Meet the new Mike Tyson, not like the old

Associated Press
FILE - In this Oct. 13, 2010, file photo, Mike Tyson watches an NBA preseason basketball game between the Los Angeles Lakers and the Sacramento Kings in Las Vegas. Tyson will be heading to China in December to help promote boxing there.  (AP Photo/Julie Jacobson, File)
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FILE - In this Oct. 13, 2010, file photo, Mike Tyson watches an NBA preseason basketball game between the Los Angeles Lakers and the Sacramento Kings in Las Vegas. Tyson will be heading to China in December to help promote boxing there.

One little blond kid was bouncing on Mike Tyson's left leg, while his equally blond toddler brother occupied the other. The former baddest man on the planet once threatened to eat children, but now he was playing with two.

"Me and this baby stuff," Tyson said as he waited patiently for the children's father to take a picture with his cell phone. "You believe I'd be doing this stuff?"

Ah, no. Unfortunately, there were precious few cuddly kid moments I witnessed in the years I spent covering the meteoric rise and fall of the ferocious fighter the world was always so infatuated with.

I did see a lot of other moments, some riveting, others simply disgusting. Tailing along while Tyson tried to break arms, bite ears and knock guys silly wasn't always for the faint of heart, even if you stayed well away from the ring.

He was a brute of a fighter. He was even worse as a man.

"I got intoxicated with myself," Tyson admitted. "I didn't know how empty I was as the champ."

He hasn't been a champ now for 14 years, and hasn't fought for real in five. There will be no return to the ring, he assured me the other day, even if his legions of fans still believe that the Tyson of today could be the Tyson of 20 years ago.

He, more than anyone, knows better. He's known it for longer than you might think, but the money kept coming and he kept fighting even when he was just going through the motions.

Even that was better than his second life as the former Mike Tyson. A freak show when he was fighting, he became even freakier as a bankrupt junkie who ballooned to 351 pounds and seemed headed either to prison or an extra large casket.

But he's given up the drugs, and lost much of the weight. He hasn't stepped foot in a strip club in two years.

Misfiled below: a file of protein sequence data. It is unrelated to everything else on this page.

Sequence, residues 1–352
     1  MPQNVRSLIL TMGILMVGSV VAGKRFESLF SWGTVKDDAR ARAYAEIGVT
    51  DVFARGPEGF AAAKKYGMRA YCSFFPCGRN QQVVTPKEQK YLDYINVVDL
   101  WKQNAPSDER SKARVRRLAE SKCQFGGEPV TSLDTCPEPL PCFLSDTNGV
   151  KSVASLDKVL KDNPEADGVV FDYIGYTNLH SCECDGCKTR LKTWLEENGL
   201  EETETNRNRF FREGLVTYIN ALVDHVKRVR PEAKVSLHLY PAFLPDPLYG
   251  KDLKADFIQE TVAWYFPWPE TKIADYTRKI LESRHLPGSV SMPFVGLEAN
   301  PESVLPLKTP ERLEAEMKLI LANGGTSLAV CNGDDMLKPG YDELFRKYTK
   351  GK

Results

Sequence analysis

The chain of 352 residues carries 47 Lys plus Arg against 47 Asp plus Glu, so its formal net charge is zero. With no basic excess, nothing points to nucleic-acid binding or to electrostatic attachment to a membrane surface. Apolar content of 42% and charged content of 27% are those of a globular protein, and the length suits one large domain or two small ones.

And, incredibly, he's now in the middle of the most improbable comeback of all.

Meet the new Mike Tyson. Entertainer, actor, dancer and, yes, comedian extraordinaire.

Watch his latest video. Book him for your next event.

"I took myself way too seriously then, but now I'm a big clown," Tyson said. "I'm fine with that."

So are a lot of other people, who are discovering a side of Tyson that would have been unimaginable in the days he was beating up people for a living. They saw him steal a scene in the hit movie "The Hangover," and watched him dance with Wayne Brady in a hilarious online video remake of the Bobby Brown classic "Every Little Step."

Making fun of himself comes easy these days for Tyson, and he's good at it. But there's more to come in his odd career path.

He's going to be featured on cable TV early next year in a series on raising the pigeons he loves. He's makes appearances, and he's got plans to display his tattooed face on the big screen once again.

"I'm going to do some more acting. We're doing some serious stuff," Tyson said. "I'm talking big budget movie."

That kind of talk would have been absurd even a few years ago when Tyson narrowly escaped a prison term for cocaine possession. Tragedy followed last year when one of his daughters died at her Phoenix home after being caught up in a cord on a treadmill.

He brought up his daughter when we talked, and it's clear he's still pained by her death. But he also spoke with excitement about the Feb. 1 due date for the boy he and his new wife are expecting.

The battle with drugs, Tyson says, is a daily fight that he must wage to stay clean. So far it's working, as is the vegetarian diet that has him weighing in about the same as he did late in his career.

"Not a vegetarian, a Vegan," Tyson corrected me. "I eat stuff like grapes, penne pasta and mushrooms."

New food. New life. New career. Best thing yet, though, in the reinvention of Mike Tyson, though, might be his new attitude.

"You reach a point in your life where you find out all you believed in life was a lie and you want to start life all over again," Tyson said. "I want to be a good person, not just be known as a great person."

This was about the time I began wondering just how many acting lessons Tyson had been taking. If this was an act, though, he will do well in movies.

Is Tyson really rehabilitated? Who knows, but he does seem at peace with himself after long tortured years of trying to figure out why everyone wanted to be around him and why nearly everyone wanted a piece of him.

"From the day I was born to 18 months ago I was some crazy tough guy," Tyson said. "I had an interesting ride, but I'm not bitter. I'm just grateful with my life and what it now is."

Our talk was about over, and it was time for Tyson to go to work. On this day it would be making an appearance with two Chinese businessmen who are paying him good money to go to China in December to promote boxing there.

First there was a photo with the kids, who seemed to enjoy their time on his lap. Picture finally taken, their mother gathered them up with a few words of comfort.

"See, he's not so tough after all," she said.

Not anymore he's not. The new Iron Mike wasn't even tempted to nibble at her kids.

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Tim Dahlberg is a national sports columnist for The Associated Press. Write to him at tdahlberg(at)ap.org

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